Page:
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    (Original post by James.Carnell)
    Neither Labour or the Tories are doing anything about it as to do so they would have to tactical nuke pensions now and that is electoral suicide. If we have a reset asap then we can start rebuilding for the future asap. Otherwise, the birth rate is going to be decimated and that brings a whole new basket of challenges.
    No one will solve it, until its right on our doorstep *

    Kind of the problem with re-volving door politics, where people come in and out, is that they dont need to think long-term enough. Its much more important for them to get re-elected to keep their job, then to actually make the very un-popular but tough decisions.

    As big of a problem as I have with the lack of democracy here in china, being able to make long-term decisions that are unpopular in the short-term is one huge bennifit to having a single party that knows it will be in power for the next 50+ years. They can make huge decisions on every area and then stick around to see it through.. in our goverments if they make a change to something like education, its unlikely they will still be in power to see the consiquences of their change, once those people finish education and start looking for empoyment. *
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    (Original post by Dirtybit)

    Do you actually watch The Hills

    She's going to always be known as the girl who didn't go to Paris :sad:
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    (Original post by sr90)
    Care and pensions are both absolutely ****ed and will need radical reform sooner or later. It's a really tough area to try and sort out, especially because we have an ageing population and pensioners are always the age group most likely to vote. I certainly can't think of a viable long term solution to either area. To be perfectly honest I don't expect the state pension to exist by the time i'm 65.

    If you think it's bad now just wait 25-30 years until all the zero hours contractors who've never been able to afford their own home reach their 60s. They won't have anything in their pension pot or a home of their own to live in - what will happen to these people? That is a very large ticking time bomb and nobody seems to be paying any attention to it, Labour or Conservative.
    There's no obvious fix and the reality is that it will need to be a painful solution - that means voters won't like it and so neither party will take that leap (since likely to not be voted in) only when the situation is so bad that it can't be ignored, all the parties will agree on something.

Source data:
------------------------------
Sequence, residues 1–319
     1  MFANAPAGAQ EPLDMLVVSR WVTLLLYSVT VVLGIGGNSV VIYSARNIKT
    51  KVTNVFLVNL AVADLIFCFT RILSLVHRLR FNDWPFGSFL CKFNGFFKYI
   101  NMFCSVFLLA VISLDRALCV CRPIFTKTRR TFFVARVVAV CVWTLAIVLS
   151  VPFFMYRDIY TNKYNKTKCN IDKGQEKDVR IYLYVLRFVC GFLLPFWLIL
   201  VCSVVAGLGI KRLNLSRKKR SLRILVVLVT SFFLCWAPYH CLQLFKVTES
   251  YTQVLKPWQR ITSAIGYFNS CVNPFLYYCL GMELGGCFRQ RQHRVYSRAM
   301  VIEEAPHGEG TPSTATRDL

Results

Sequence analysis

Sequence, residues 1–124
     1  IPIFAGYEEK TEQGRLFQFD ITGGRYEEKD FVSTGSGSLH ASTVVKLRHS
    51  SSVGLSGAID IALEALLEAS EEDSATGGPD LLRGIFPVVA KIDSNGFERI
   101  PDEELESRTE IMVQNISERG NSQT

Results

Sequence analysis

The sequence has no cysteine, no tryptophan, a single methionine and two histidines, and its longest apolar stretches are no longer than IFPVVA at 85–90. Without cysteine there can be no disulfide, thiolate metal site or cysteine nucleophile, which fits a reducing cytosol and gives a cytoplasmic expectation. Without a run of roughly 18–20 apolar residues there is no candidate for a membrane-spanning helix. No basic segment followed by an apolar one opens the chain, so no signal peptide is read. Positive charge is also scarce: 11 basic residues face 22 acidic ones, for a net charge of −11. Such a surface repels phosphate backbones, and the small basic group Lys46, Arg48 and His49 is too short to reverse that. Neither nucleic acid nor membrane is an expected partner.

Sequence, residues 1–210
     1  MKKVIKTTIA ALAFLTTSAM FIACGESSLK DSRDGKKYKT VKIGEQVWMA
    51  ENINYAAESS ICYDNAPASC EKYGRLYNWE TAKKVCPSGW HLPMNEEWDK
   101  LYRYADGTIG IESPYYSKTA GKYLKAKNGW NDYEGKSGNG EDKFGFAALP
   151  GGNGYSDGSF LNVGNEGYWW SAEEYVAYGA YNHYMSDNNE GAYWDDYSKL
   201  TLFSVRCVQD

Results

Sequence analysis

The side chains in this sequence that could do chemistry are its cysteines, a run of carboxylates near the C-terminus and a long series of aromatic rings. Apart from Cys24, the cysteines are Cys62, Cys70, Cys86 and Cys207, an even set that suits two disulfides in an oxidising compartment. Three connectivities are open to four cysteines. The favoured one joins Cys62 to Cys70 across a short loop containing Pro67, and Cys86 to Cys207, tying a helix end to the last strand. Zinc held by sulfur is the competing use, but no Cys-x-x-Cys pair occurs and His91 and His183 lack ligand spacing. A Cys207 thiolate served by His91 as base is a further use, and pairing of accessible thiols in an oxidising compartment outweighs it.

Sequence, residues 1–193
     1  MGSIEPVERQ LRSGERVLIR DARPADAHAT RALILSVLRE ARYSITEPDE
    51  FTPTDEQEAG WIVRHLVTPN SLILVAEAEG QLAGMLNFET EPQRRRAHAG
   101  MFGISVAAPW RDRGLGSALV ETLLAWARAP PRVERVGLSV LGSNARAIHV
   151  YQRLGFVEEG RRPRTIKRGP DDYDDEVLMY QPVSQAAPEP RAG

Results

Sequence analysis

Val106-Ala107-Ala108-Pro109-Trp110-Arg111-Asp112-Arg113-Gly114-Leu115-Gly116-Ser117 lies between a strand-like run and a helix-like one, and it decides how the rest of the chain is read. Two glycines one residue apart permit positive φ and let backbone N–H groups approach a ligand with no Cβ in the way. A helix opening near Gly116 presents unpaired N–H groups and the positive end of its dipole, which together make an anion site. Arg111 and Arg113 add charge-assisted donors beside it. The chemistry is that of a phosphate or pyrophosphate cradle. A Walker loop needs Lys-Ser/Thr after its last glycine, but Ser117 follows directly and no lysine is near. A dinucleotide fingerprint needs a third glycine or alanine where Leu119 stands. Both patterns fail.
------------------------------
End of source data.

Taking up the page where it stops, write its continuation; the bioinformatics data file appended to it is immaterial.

Means our generation and our kids will get screwed over once again.
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    (Original post by James.Carnell)
    You're not cursed, I am in a similar position, it is a sign of the times. And I also have exactly the same experience in regards to CV and interviews. It's like we're twins... I think I am the sexier twin though :lol:
    Meh, join the club.

    I'll sort myself out soon though, working atm and my salary ain't that bad for a non grad role. I'm not good at getting at the final interview stage at the top top jobs.

    I do need to apply for Lloyds though. They parred me off last time saying I went through to the next stage and didn't get back to me.
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    Zerforax, Theresa May suggests that the NHS should focus on being more efficient to fill the £22bn hole, rather than ask for money from the government. She's firm on not giving the NHS any more money and says that it should learn from the Home Office and Ministry of Defence cuts.

    She has absolutely no idea about how the NHS is does she.. and how it's different to the Home Office and Ministry of Defence.

    "A Britain that works for everyone", she once said.

    Strong everything.
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    **** sakes, just see a guy washing his car using two 1.5l Evian bottles :facepalm:
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    Just been dealt a **** hand in love. Advice on the best way to move on?
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    (Original post by jam277.75)
    Just been dealt a **** hand in love. Advice on the best way to move on?
    **** *****es get paper.

    In all seriousness just go to the gym and get some gains young one.
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    (Original post by jam277.75)
    Just been dealt a **** hand in love. Advice on the best way to move on?
    Thoughts on Italy as a nation.
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    (Original post by SA-1)
    Thoughts on Italy as a nation.